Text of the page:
Wiring relay for 220v pro amp - AVS Forum
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Old 06-09-2012, 05:51 AM - Thread Starter
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I am going to wire a dedicated circuit for my 220v LG clone amp. I want to make a relay /outlet box similar to the one in notnyt's very informative thread. I tried using the search feature to find an answer with no success. I have the omron 30a relay( 4 terminals) as shown in the pictures below. My question is, how would this work since 220v has two hot wires? Any help would be appreciated. Thanks!
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Old 06-09-2012, 07:09 AM
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You would need two of those relays, one for each hot leg.

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Old 06-09-2012, 07:13 AM - Thread Starter
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You would need two of those relays, one for each hot leg.
Thanks man, I will order another.
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Old 06-22-2012, 11:40 AM
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I had a similar question when wiring up my 240v pool pump to run off a digital timer. The switch I used said 120/240 and only had 4 terminals similar to your relay, called up my electrician and he just put the switch on one of the 2 hot legs going to the pump. The explanation being you need both hots connected to complete the circuit, if you lift one wire it breaks the circuit so no current can flow.
Most plans I've come across for remote amp turn on only use one relay, several AVS members have such setups. Having a switch on both legs is more expensive, the main benefit being that the amp is more isolated from power surges/lightning when off. I'm not an EE, but I don't know of any damage that can be caused by only switching one of the two hot legs for 220.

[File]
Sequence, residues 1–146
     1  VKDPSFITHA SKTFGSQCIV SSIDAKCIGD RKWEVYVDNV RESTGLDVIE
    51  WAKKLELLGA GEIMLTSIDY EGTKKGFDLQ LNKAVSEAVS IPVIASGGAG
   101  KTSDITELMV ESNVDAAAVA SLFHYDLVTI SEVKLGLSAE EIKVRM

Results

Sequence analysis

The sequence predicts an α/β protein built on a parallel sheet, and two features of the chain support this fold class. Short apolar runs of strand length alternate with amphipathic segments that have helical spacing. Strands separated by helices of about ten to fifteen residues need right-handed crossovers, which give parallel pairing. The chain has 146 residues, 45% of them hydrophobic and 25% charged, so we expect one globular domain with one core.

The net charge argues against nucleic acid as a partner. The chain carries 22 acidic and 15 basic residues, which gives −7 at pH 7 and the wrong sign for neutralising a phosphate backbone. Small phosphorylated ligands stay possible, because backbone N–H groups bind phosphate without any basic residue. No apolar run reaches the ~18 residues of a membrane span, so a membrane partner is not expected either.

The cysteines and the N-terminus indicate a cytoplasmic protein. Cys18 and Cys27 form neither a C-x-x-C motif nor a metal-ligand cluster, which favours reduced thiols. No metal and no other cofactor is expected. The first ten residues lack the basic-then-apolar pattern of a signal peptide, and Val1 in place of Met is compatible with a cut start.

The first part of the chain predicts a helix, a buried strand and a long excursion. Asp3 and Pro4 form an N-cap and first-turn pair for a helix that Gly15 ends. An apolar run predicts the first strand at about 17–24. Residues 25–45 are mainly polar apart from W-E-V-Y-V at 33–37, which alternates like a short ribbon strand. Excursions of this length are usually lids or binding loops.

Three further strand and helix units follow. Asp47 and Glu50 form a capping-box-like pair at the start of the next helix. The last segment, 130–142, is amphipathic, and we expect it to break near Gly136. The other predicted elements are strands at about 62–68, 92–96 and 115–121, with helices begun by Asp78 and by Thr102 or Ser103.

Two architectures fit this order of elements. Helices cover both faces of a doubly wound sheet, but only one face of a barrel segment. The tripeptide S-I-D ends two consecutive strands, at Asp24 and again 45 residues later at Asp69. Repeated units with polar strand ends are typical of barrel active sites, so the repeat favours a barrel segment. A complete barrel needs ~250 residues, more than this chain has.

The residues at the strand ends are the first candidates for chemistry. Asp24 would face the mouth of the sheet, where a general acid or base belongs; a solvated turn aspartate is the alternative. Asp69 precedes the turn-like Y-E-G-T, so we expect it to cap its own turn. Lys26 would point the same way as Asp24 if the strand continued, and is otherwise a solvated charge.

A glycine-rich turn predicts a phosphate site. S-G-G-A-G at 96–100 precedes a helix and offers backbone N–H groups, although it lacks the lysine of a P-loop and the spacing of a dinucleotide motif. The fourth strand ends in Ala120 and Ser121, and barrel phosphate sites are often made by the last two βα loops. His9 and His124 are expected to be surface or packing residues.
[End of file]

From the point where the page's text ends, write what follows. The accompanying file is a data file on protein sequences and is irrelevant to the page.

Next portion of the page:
Based mine off this thread http://www.avsforum.com/t/1303723/automatically-powering-on-pro-amps-via-relay-guide-w-pics

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Old 06-22-2012, 11:55 AM - Thread Starter
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Thanks for the info. I got a second relay and now may save that for a future project
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Old 06-22-2012, 06:47 PM
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Originally Posted by scorp133 View Post

...if you lift one wire it breaks the circuit so no current can flow......

But that leaves you with energized equipment. If the equipment is off, it should not have juice anywhere. Current may not flow through the normal path but it sure as hell can flow through you.

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Old 06-23-2012, 03:17 PM
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^^^ And where is the other side exposed for someone to touch it and make a conductive path?
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Old 06-25-2012, 11:04 AM
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But that leaves you with energized equipment. If the equipment is off, it should not have juice anywhere. Current may not flow through the normal path but it sure as hell can flow through you.